Just this year, government agencies around the globe, from the United States to Germany to New Zealand, have generated studies warning that world oil production is within a few years of peaking. Projections for peak world oil demand, however, don’t match up with the projected peak in production.
That mismatch is a problem which only gets worse once past the peak. Current world oil production models see a bumpy plateau that lasts a few years and then a decline rate of about five percent a year sets in as a lack of new discoveries fails to make up the difference. The gap between supply and demand quickly becomes a chasm.
Renewables – wind, solar, biofuels – are seen as a way to erase that gap, but practical realities intrude. Take wind and solar. They really aren’t drop-in replacements for most oil uses; most notably in transportation where some 70 percent of oil gets used. Electric cars are still in their Model T era (fancy dashboard electronics aside) and lack the nationwide infrastructure for refueling, maintenance and repair that took decades to build out for gasoline and diesel vehicles. Biofuels also have a number of shortcomings as petroleum replacements, starting with their lower energy density per unit and moving on to their small scale of production that will limit their ability to make any significant contribution to closing the gap.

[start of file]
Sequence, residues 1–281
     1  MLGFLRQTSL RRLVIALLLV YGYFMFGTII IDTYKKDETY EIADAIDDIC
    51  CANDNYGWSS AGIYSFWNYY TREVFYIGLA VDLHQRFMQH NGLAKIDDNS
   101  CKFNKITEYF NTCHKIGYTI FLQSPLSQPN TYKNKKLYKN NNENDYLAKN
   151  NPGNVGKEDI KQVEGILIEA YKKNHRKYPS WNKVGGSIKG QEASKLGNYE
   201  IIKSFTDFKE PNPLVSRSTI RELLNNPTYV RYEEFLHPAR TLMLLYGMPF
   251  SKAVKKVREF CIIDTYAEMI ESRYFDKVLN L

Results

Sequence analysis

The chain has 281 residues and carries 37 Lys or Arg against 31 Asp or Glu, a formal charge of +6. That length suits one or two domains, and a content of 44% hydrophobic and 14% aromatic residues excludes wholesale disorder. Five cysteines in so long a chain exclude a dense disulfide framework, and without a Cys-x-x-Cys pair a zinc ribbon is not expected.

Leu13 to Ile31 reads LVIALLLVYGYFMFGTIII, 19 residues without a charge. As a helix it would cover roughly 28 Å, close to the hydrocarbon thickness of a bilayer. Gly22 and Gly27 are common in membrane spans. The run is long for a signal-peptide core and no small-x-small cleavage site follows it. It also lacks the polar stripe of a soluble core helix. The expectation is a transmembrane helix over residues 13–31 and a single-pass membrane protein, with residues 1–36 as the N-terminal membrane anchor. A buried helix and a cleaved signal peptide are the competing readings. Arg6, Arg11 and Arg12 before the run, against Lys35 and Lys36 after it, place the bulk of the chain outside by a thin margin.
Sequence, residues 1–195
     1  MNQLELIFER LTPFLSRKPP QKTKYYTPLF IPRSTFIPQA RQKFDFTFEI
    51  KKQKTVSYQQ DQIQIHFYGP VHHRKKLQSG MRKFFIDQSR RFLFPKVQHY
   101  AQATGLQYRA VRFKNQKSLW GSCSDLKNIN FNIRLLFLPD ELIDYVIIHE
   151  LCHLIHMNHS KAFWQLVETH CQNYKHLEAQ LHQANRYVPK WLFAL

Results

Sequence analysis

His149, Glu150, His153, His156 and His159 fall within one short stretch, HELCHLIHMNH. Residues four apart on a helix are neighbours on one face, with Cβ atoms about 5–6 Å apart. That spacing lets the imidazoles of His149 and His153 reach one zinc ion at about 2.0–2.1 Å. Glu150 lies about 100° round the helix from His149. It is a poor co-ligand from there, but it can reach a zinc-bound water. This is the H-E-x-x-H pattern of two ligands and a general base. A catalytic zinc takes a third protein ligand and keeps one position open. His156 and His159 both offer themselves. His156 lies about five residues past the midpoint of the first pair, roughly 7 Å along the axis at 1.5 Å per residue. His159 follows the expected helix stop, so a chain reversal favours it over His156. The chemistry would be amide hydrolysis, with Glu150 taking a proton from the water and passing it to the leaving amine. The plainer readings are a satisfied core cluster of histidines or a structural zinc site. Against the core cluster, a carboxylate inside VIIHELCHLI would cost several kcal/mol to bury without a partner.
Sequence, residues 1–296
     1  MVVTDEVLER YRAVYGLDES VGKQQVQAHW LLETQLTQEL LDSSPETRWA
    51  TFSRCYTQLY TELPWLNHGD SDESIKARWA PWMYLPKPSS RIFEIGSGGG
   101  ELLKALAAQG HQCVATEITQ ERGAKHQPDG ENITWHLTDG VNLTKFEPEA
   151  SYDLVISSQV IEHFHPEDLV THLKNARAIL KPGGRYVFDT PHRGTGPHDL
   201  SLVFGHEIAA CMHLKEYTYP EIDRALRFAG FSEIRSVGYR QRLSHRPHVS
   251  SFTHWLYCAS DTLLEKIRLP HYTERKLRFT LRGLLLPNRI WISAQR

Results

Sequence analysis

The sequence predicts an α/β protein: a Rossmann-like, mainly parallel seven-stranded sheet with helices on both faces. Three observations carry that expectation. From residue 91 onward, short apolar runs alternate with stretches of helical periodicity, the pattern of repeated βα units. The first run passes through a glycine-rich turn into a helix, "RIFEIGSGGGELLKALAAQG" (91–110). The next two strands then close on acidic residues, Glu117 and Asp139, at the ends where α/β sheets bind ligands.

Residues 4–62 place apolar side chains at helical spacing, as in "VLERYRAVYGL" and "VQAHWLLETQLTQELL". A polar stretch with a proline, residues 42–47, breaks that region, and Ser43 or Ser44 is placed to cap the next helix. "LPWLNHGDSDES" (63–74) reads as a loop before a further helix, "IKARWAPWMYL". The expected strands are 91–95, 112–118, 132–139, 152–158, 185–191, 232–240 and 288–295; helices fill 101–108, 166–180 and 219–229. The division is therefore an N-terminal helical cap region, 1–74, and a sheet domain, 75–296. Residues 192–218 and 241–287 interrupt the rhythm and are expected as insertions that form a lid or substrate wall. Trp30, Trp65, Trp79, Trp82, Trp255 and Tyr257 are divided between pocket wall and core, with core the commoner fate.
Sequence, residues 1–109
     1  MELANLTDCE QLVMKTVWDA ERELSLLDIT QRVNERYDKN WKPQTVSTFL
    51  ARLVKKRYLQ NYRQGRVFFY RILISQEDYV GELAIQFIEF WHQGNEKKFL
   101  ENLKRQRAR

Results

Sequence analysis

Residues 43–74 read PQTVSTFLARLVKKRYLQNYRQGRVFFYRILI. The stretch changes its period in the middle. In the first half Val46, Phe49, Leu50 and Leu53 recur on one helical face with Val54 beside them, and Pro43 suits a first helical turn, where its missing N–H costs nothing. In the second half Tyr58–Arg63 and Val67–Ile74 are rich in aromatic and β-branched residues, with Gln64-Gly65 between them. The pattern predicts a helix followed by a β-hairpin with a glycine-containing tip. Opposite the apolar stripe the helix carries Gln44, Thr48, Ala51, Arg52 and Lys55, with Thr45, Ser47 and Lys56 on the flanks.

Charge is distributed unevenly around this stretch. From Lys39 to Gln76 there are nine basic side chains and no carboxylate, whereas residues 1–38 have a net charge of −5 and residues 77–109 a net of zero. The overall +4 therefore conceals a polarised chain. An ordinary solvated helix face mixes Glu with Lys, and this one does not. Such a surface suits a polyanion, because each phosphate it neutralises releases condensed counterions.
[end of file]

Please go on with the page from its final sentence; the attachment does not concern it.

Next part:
So, how best to narrow the gap? Well, at the outset, peak oil largely presents a liquid fuels and transportation problem. A real focus on driving efficiencies into the transportation sector would be a good place to start. We’ve lived large for decades because energy has been cheap. That needs to change and the good news is that it can. Trains, for instance, are far more efficient for long haul freight, even if it’s a diesel locomotive doing the pulling. Shorter distance delivery can be done by electrified trucks. On the gasoline passenger car front, 40 miles per gallon is becoming the new 30 mpg here in the United States. And, of course, getting more people on better trains that go more places would be a big help.
The real gap, ultimately, might better be seen as the one between our current scale of living and the one that our current mastery of physics can support. Fortunately, work continues apace on that front, too.